This is plenty annoying – I finally find my copy of Rushdie’s ‘Shame’ (the book, that is, not emotion) and read through a couple of pages before I doze off; and the next morning I can’t find it. Why? Because my father suddenly decides to get curious about the book and takes it with him to office. And there it lies amidst thrilling oeuvres, such as Naval Architecture and Thermodynamics or Synthesis of Electrical Engineering and Quay Management.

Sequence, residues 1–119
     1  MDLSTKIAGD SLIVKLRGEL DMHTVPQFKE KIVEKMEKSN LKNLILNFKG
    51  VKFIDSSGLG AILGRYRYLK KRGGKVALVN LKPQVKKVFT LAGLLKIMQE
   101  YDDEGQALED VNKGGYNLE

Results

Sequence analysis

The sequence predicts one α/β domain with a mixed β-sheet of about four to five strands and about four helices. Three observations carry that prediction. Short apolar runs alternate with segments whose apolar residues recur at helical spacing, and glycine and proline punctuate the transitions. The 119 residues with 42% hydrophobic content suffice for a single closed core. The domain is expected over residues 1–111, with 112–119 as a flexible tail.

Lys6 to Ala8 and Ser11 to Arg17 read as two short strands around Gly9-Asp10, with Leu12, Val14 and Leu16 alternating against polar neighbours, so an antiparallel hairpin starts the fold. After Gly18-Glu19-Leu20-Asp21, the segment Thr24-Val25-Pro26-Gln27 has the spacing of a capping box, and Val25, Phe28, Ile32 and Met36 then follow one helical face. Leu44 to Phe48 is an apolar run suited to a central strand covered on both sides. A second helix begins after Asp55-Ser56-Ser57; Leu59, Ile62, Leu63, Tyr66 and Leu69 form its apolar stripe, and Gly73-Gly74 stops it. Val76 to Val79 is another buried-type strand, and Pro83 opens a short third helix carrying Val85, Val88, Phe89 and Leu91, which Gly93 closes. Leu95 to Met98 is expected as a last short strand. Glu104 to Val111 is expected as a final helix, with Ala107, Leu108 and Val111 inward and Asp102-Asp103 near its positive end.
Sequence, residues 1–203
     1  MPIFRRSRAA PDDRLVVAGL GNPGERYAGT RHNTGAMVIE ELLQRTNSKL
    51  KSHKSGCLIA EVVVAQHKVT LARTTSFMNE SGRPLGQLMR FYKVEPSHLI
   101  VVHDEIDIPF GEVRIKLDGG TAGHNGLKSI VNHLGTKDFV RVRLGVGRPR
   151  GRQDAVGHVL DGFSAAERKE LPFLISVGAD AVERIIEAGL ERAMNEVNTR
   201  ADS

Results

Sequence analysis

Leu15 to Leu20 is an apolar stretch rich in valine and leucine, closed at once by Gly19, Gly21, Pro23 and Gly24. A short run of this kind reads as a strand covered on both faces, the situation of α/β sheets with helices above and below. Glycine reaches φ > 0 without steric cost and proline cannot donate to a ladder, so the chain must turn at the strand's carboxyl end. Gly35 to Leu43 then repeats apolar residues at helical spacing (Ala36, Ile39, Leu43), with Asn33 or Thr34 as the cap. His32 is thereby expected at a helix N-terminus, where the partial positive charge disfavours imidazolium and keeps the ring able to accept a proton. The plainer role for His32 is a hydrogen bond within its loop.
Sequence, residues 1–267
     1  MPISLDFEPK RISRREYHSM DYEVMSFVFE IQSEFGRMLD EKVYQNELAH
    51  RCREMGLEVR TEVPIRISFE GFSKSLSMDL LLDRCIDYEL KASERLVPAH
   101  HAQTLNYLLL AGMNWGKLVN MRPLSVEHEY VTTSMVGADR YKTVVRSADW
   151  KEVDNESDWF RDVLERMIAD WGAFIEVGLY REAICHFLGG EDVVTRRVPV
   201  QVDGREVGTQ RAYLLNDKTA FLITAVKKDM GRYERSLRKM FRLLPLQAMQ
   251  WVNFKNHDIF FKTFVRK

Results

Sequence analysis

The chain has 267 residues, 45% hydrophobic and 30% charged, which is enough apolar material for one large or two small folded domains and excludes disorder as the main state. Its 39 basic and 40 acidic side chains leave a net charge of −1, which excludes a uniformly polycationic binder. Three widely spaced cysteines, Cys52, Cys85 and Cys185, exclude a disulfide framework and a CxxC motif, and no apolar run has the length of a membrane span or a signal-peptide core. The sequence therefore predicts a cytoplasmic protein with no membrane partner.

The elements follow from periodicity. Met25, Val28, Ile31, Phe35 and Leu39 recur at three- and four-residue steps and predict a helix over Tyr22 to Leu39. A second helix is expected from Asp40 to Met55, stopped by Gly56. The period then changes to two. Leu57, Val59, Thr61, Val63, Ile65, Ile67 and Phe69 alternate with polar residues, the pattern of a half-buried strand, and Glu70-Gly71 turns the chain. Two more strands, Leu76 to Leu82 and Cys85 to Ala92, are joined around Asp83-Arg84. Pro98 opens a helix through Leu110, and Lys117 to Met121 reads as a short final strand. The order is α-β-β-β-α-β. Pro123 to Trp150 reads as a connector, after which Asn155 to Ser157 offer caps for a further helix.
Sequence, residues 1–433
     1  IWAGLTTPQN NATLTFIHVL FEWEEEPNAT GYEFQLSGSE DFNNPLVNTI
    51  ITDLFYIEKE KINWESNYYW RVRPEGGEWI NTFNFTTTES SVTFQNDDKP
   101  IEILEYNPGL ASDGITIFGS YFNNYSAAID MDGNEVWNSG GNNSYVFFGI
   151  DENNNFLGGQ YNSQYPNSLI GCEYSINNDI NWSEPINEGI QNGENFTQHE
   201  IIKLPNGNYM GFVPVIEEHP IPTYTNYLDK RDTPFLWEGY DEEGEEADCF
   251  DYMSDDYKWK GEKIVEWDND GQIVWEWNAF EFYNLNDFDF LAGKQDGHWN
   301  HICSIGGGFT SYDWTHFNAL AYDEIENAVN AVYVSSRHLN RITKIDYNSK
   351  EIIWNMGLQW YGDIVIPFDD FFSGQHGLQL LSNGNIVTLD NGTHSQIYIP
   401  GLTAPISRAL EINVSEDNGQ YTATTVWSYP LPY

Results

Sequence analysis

Over dinner, father says things like, “What’s so great about Rushdie?”
Well…that’s like asking what’s wet about water. Rushdie and greatness go together. He has an expansiveness about life and literature that dwarf other writers who merely write. He creates a language that is not but also English. He can describe ‘khichri’ like it was the last gem of a relic palace. He can describe sapphire like a mouldy lump of stale khichri.
He makes composition feel fluid, he makes writing feel anchored. He singes and he coalesces. He is, in a fragmented, partisan, splintered clustered nebullae of wordsmiths, a sad, solid, superb Universe.
He has given me so much life and living, and now he’s somewhere in a pile of some silly shippy books.